Riehl's writings became normative for a large body of Volkish thought. He constructed a more completely integrated Volkish view of man and society as they related to nature, history, and landscape. He was the writer of the famous Land und Leute (Places and People), written in 1857-63, which discussed the organic nature of a Volk which he claimed could only be attained if it fused with the native landscape. He rejected all artificiality and defined modernity as a nature contrived by man and thus devoid of that genuineness to which living nature alone gives meaning. Riehl pointed to the newly developing urban centers as the cause of social unrest and the democratic upsurge of 1848 in Hessia. For many Volkish thinkers, only nature was genuine. He desired a hierarchical society that patterned after the medieval estates. In Die bürgerliche Gesellschaft (Bourgeois Society) he accused those of Capitalist interest of disturbing ancient customs and thus destroying the historicity of the Volk. He presented that the 'working class' were the most respectable of Volk, as they were the most intuned to nature itself. Animosity towards the city was an integral part of the rise of Volkish thought. At times it was expressed in the slogan "Berlin is the domain of the Jews" or in the remark by another writer that "cities are the tombs of Germanism" Not until the big cities were devastated in the Second World War did this hostility end. Only with their annihilation did the cities attain equal ideological status with the rooted peasantry. Such ideas secured a place for Riehl in the history of Volkish thought. Such superficial actions as the founding of the Riehl Bund (1920) and the Riehl Prise for German Volkskunde (1935) only symbolized a more profound influence.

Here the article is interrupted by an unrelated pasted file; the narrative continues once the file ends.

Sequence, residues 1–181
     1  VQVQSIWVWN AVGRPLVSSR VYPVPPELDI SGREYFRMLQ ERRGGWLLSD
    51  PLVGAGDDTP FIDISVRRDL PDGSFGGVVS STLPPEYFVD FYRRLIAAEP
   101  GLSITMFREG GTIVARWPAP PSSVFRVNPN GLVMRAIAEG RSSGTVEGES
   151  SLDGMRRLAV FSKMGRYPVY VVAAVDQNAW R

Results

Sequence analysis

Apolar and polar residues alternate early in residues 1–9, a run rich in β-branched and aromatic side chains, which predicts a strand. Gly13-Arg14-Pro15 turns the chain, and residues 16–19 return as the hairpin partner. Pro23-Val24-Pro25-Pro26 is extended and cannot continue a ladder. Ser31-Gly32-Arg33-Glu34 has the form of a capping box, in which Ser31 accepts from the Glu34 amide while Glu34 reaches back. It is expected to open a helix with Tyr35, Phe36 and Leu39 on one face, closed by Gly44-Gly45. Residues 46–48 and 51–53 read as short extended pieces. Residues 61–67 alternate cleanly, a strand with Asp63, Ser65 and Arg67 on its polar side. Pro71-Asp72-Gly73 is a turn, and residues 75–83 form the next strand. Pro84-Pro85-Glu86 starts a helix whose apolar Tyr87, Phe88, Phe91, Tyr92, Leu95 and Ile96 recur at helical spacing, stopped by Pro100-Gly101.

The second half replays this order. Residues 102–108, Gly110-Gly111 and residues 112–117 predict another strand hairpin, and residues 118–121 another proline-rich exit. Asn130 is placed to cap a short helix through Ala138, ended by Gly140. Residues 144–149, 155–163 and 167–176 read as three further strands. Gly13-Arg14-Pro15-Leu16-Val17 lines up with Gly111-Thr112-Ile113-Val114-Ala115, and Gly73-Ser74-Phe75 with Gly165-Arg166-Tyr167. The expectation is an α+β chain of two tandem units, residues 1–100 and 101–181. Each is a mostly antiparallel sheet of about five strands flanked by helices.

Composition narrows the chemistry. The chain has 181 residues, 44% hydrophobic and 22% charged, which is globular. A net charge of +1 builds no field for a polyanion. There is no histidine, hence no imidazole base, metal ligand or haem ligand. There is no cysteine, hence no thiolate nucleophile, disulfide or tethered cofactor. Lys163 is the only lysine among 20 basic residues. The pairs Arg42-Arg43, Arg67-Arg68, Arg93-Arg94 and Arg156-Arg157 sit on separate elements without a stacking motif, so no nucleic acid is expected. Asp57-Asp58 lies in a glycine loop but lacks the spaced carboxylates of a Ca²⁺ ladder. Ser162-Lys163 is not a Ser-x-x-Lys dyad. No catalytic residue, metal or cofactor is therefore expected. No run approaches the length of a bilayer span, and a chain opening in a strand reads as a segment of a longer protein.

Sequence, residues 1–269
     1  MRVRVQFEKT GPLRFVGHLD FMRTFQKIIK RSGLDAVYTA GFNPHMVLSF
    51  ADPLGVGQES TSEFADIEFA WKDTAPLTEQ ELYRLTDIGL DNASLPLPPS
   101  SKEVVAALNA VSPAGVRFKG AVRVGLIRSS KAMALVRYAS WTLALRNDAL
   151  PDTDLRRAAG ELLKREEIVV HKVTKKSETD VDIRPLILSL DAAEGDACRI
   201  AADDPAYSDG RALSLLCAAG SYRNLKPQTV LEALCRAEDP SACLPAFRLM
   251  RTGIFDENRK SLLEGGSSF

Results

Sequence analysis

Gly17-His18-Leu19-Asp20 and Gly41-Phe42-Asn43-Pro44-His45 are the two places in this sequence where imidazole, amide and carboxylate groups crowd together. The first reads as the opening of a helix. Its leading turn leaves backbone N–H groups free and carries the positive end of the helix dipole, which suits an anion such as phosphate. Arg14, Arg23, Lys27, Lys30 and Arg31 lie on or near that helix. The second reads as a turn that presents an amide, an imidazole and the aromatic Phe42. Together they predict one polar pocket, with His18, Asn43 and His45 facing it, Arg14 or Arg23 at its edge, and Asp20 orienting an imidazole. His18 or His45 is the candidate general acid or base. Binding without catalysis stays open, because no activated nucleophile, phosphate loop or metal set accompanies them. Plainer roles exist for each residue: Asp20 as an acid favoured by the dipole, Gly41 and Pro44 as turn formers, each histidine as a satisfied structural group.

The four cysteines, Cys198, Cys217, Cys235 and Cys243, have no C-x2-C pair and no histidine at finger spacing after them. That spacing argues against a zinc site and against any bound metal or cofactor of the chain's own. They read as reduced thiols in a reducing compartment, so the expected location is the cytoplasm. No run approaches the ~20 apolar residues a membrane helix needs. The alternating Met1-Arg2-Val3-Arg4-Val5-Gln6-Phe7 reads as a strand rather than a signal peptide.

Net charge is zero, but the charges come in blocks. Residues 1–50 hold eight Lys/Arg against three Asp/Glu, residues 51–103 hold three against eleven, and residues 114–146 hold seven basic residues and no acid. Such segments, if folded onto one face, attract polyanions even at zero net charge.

Riehl, born into a settled middle-class background, was a professor at the University of Munich, and later in life a curator of Bavarian antiquities.